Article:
In that day the deaf shall hear the words of the book, and the eyes of the blind shall see out of obscurity and out of darkness. The humble also shall increase their joy in the Lord, and the poor among men shall rejoice in the Holy One of Israel. (Isaiah 29:18-19)
Isaiah had prophesied that the day would come when the deaf could hear and the blind could see. This is a sign of God’s coming Kingdom. Jesus points this out to the disciples of St John the Forerunner who came to ask Him if He was the Christ or not:
And he answered them, “Go and tell John what you have seen and heard: the blind receive their sight, the lame walk, lepers are cleansed, and the deaf hear, the dead are raised up, the poor have good news preached to them. (Luke 7:22)
Jesus is telling John’s disciples to consider carefully what they have witnessed and to decide for themselves whether or not He is the promised Messiah. This is a very different scenario than when those hostile to Jesus wanted to attack Him:
The Jews took up stones again to stone him. Jesus answered them, “I have shown you many good works from the Father; for which of these do you stone me?” The Jews answered him, “It is not for a good work that we stone you but for blasphemy; because you, being a man, make yourself God.” (John 10:31-33)
Jesus again wants his antagonists to consider the works/signs He is doing and to evaluate them. His opponents ignore His works and rely on an ad hominin attack. Christ wanted people to see His miracles as a sign that God was working in and through Him so they would come to faith.
… Jesus saw his exorcisms as a demonstration that the end of the age was already present, that the final reign of God was already in operation. He is recalled, indeed, as making precisely that claim: that his exorcisms were evidence that the kingly rule which God would exercise in the new age was already in effective operation (Matthew 12:28/Luke 11:20). (James Dunn, THE PARTINGS OF THE WAYS, p 236)
The miracles of Christ are a sign that God’s Kingdom is breaking into this world, or perhaps more accurately, that this world is related to God’s Kingdom and needs only a reorientation to recognize this truth. In this thinking, miracles are not so much things that overturn the order of nature, as they are signs of what nature was originally meant to be. They are nature doing the things God had imbued it with in the beginning, but which were lost as the consequence of the Fall:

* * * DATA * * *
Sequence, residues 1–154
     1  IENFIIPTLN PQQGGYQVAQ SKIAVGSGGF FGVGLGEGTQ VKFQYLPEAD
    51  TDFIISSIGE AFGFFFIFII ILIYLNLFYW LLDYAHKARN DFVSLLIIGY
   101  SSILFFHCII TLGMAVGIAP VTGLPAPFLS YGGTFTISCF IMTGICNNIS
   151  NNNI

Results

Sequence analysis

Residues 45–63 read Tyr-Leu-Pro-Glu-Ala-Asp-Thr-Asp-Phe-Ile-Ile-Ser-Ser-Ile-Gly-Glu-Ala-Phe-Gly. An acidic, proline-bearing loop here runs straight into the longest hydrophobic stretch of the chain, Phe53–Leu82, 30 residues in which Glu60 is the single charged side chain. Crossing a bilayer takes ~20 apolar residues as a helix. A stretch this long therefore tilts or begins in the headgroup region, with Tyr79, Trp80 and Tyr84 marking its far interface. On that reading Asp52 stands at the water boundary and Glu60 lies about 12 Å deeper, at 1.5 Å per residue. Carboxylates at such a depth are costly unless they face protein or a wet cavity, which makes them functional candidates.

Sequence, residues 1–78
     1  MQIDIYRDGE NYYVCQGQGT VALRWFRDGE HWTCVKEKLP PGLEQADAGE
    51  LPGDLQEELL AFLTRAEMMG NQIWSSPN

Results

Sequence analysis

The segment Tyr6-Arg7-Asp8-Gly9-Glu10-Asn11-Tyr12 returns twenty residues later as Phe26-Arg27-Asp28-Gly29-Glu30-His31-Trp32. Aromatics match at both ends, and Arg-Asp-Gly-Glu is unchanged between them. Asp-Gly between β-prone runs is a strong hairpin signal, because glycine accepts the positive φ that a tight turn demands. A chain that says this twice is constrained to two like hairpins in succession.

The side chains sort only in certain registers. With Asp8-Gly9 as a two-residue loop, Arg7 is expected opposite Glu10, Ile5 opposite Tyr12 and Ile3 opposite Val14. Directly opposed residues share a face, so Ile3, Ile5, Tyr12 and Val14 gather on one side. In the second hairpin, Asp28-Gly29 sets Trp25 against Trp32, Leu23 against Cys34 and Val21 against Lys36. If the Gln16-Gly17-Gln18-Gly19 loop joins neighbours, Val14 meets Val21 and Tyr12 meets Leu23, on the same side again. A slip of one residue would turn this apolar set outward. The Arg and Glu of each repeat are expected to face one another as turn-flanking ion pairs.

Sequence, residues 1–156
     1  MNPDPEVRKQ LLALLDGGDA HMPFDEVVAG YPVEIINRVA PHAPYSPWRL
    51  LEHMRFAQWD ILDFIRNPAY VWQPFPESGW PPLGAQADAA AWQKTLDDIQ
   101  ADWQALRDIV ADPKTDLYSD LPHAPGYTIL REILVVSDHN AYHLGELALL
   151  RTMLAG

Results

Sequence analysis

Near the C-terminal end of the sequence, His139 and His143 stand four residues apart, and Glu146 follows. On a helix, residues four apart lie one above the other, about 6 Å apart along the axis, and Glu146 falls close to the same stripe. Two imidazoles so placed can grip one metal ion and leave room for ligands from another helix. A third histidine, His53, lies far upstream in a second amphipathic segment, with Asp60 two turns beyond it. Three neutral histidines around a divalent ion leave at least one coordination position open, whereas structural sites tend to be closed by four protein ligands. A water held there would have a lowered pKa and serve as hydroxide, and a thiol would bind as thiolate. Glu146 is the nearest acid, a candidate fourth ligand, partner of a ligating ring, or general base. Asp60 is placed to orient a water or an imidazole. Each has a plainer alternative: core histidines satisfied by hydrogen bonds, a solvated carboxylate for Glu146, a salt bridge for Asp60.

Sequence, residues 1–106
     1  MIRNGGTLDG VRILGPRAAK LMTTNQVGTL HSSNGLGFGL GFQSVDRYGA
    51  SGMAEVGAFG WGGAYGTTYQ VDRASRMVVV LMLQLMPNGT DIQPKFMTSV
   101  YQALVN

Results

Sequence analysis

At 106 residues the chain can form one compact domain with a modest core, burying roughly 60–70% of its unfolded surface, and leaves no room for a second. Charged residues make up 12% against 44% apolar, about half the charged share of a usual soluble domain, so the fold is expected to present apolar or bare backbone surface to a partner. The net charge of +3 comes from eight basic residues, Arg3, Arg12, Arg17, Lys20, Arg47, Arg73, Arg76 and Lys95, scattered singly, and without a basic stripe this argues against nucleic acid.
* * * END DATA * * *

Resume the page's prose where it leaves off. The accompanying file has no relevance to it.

… heaven and earth do not simply prefigure the ‘new heaven and new earth‘; they are the actual substrate of that future transformation. The beginnings of this transformation can actually be glimpsed in the presence of holiness. The person conformed to Christ, whose love of God spills over to embrace all creatures, starts to realize around himself or herself the intended relationship between humans and the rest of creation. Stories of Saints enjoying the cooperation of dangerous animals and even of the elements continue up to our own day, and are seen as an important testimony to the intended relationship among all creatures. It is in this light that miracles in general are seen: they are not a matter of overpowering the laws of nature, but rather ‘exceptional anticipations of the eschatological state’, ‘revealing to nature a window that opens out onto its own most appropriate goal’. (Elizabeth Theokritoff, THE CAMBRIDGE COMPANION TO ORTHODOX CHRISTIAN THEOLOGY, p 70)
Human sin, a potential result of God’s gift of free will to humans, temporarily dislodges the Lordship of God in creation. Christ comes not to do miracles, but to use the miracles to reveal to us the world which God intended. They are meant to help us accept God as our Lord again – a re-creation to restore our relationship with our Creator.